OZU East Kitchen, located in Los Angeles’ Atwater Village neighborhood, is a fast-casual pan-Asian concept from new restaurateur Paul Yi.

Inspired by legendary Japanese filmmaker Yasujiro Ozu, the restaurant’s design is a study in minimalism given depth and warmth by the use of wood tones. The project was a full gut remodel of what was a 2,200-square-foot organic food market. In included new doors, outdoor seating and signage.

“The interior experience is delineated by three horizontal spatial zones,” says Aaron Neubert, president of Aaron Neubert Architects and the project’s designer. “The lower zone contains the furnishings occupants physically interact with — warm in color and texture. The middle zone is painted white and free of visual clutter to emphasize the conversational space and interaction between seated occupants. The upper zone — consisting of the transition between the white walls and the dark gray ceiling — creates the mood and develops a detailed visual landscape while occupants are standing and circulating within the restaurant.”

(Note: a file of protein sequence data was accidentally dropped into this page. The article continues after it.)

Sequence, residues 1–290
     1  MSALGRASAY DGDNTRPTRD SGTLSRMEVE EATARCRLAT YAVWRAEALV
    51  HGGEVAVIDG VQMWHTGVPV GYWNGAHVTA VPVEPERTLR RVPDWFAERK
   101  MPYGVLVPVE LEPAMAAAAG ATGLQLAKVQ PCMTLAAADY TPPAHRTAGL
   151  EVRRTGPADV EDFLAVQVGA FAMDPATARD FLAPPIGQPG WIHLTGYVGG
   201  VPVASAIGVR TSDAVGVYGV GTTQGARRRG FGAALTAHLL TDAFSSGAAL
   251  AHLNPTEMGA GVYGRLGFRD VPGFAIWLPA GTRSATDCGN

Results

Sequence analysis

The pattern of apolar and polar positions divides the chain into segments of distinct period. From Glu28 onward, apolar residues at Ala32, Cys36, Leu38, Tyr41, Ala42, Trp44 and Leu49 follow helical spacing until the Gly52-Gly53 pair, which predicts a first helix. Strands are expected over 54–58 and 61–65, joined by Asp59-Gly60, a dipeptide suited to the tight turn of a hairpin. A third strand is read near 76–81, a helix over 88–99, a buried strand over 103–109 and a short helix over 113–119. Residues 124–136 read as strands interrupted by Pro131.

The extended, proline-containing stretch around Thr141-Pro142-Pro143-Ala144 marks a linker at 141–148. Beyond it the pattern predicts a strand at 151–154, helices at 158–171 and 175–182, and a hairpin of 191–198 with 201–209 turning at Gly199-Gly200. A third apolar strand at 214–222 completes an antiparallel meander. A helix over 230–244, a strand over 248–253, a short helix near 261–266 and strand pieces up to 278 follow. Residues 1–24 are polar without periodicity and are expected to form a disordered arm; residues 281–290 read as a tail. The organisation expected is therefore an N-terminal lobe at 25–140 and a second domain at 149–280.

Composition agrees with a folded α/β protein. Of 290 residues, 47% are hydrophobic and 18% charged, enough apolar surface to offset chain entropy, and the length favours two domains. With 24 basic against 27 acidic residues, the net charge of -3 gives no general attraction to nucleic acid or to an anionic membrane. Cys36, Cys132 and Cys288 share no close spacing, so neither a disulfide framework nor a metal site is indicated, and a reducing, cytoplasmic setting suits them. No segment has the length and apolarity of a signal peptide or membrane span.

Fabricated from tube steel and suspended high above the dining room, the ceiling installation evokes the pliability of ramen noodles as well as the feeling of traditional Japanese lanterns.

Steel-framed tables with reclaimed walnut tops create straight lines in the dining area. The traditional bento box inspired the simple and utilitarian design of the “bento” walnut stools and benches that flank the tables. Multiple bench sizes and seating arrangements encourage communal dining.


The design also serves as a prototype and initial branding identity for the restaurateur’s future concepts.

Photos courtesy of Aaron Neubert Architects.